Berman is a former labor lawyer with the U.S. Chamber of Commerce. Berman and Co. was created in 1986, according to the company fact sheet. The Center for Consumer Freedom was created from an earlier group, the Guest Choice Network, which got its “seed money” from Philip Morris, the tobacco company, now known as Altria.

“The money funded a specific campaign related to smoking sections in restaurants — not smoking per se. BAC [Berman and Co.] spokespersons have never advocated for smoking or said it wasn’t harmful to peoples’ health,” the Berman fact sheet reads. “However, we have supported adults’ right to free choice when it comes to legal products.”

In the 1990s, Berman was president of Beverage Retailers Against Drunk Driving (BRADD), an organization formed in response to Mothers Against Drunk Driving.

As president, he argued for "tolerance of social drinking.” He was a lobbyist for the American Beverage Institute from 1999 through 2005, according to federal records.

Berman’s fact sheet says the Center for Consumer Freedom and other nonprofits he manages are not “shadowy front groups.”

“These organizations were founded to combat a tidal wave of anti-business, anti-free market Non-Governmental Organizations (NGOs) that advocate for a battery of laws, restrictions and regulations that attack personal freedom and entrepreneurialism,” it states.

Attacks on HSUS

Berman told the New York Times that the “Humane Society wants to force us all to be vegetarians — or vegans” and that it opposes the consumption of animals, regardless of how they are treated.

The Humanewatch.org ad currently running in Washington’s metro trains says that HSUS gives 1 percent of its budget to pet shelters and “spends millions on its offshore hedge fund investments and pension fund.” It also says dues go toward paying a more than $15 million federal racketeering settlement.

“The first thing is overall it’s just a false framing of the issue,” said HSUS spokesman Alan Heymann. “It’s never been the case that we’re some sort of grant-making association for local shelters — at the same time, the figure does not take into account all the other ways we support local shelters.”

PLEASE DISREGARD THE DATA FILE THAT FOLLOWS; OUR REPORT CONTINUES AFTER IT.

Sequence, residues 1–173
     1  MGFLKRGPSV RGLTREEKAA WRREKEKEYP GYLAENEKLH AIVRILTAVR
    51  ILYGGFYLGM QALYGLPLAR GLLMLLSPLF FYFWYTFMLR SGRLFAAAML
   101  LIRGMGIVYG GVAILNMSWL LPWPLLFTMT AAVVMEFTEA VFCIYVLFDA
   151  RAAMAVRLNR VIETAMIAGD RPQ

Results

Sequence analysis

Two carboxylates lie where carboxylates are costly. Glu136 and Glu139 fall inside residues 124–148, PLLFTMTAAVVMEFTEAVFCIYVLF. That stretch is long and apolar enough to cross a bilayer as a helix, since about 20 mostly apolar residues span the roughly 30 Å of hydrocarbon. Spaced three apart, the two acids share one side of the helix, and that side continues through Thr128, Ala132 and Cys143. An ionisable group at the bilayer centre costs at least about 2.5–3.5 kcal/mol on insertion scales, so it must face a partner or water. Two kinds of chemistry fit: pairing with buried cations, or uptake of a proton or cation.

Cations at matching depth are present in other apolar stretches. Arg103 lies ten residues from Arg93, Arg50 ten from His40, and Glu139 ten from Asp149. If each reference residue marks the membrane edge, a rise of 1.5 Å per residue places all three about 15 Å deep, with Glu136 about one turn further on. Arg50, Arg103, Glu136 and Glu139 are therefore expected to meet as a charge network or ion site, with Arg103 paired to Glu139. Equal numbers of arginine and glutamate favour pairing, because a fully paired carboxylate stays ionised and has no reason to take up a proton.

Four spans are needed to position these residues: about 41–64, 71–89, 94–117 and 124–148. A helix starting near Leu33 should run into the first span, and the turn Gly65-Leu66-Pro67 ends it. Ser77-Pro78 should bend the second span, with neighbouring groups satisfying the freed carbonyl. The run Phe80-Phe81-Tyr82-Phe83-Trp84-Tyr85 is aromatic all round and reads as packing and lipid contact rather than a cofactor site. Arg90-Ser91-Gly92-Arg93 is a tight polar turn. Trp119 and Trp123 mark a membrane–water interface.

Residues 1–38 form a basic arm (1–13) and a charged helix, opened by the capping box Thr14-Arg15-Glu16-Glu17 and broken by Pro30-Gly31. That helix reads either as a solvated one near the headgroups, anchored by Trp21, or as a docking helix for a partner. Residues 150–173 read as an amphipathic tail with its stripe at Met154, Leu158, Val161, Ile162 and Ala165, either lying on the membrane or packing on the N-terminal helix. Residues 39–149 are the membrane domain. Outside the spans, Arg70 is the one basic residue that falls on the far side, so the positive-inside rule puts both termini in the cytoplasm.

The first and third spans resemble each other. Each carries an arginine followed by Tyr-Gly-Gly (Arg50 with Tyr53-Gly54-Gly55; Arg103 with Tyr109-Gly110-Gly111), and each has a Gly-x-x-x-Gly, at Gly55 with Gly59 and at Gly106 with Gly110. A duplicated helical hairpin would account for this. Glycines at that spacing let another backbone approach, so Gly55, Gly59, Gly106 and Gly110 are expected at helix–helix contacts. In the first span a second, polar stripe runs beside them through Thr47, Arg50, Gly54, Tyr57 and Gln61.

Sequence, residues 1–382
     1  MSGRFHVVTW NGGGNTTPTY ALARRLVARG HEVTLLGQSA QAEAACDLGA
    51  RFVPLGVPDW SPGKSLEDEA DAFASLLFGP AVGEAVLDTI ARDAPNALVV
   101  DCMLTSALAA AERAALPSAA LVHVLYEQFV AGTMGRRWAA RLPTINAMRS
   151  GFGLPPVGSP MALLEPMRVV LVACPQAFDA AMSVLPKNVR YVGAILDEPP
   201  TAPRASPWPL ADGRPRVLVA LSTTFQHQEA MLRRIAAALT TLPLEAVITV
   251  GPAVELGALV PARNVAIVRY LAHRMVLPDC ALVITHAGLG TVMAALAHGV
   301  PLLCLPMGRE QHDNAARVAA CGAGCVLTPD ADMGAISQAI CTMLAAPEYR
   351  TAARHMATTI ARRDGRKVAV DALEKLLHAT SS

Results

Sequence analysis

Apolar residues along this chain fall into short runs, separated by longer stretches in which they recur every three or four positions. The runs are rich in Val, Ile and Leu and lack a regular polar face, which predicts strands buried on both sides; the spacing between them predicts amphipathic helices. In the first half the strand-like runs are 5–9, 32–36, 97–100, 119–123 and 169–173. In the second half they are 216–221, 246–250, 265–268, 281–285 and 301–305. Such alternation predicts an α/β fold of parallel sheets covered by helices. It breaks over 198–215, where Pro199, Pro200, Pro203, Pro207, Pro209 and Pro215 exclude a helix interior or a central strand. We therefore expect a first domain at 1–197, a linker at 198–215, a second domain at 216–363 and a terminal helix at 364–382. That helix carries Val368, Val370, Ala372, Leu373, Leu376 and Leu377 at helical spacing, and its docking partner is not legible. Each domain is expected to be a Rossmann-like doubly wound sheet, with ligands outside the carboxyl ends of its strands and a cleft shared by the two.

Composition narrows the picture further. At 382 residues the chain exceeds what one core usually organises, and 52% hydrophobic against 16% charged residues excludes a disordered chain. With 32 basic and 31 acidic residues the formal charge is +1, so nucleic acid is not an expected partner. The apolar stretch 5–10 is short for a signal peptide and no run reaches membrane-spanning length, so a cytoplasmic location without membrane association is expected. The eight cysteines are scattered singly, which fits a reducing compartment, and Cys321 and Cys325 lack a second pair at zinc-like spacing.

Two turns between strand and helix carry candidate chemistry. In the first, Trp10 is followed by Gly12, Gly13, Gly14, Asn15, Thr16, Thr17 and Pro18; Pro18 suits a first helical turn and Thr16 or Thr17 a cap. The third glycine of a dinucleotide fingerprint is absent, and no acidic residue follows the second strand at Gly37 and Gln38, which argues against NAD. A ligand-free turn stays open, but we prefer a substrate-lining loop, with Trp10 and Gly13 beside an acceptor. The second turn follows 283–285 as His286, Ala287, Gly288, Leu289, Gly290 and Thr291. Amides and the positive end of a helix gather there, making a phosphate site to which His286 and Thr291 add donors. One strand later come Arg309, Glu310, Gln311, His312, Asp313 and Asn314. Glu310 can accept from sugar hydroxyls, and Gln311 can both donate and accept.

As to the racketeering charge, The Fund for Animals (now a Humane Society affiliate) was one of several animal rights activist groups that sued Feld Entertainment, the owner of Ringling Bros. Barnum & Bailey Circus, for mistreating its elephants. They lost the case, and a former Feld employee was found to have been paid at least $190,000 by the animal rights groups to back their charges.

Feld filed a racketeering lawsuit seeking legal fees and won nearly $16 million in a settlement reached in a U.S. District Court in Washington. Heymann said its share of the settlement, which was not disclosed, will be paid from insurance.

“No HSUS donor dollars are being used to pay this,” he said.

Dog breeders contacted for this story don’t seem to be bothered by Berman’s reputation as a hired gun.

Darci Brown, owner of a car dealership in Greenfield, Mass., has bred dogs as a hobby for 30 years. She says the Humane Society would like to enforce spay and neuter laws to the point where there would be no pure bred dogs left.

She was present at the legislative presentation. The fact that Berman represents unnamed clients “concerns me a little, yes,” she said, but she feels the information he produces is factual.

“I think our people are focusing on the message they’re giving,” she said. “It just happens to be one we agree with.”

Chris Young contributed to this report.

Clarification: This  story has been updated to clarify that the Humane Society of the United States was not a plaintiff in the lawsuit against Feld Entertainment and to note the person paid by the animal rights group in the lawsuit was a former employee.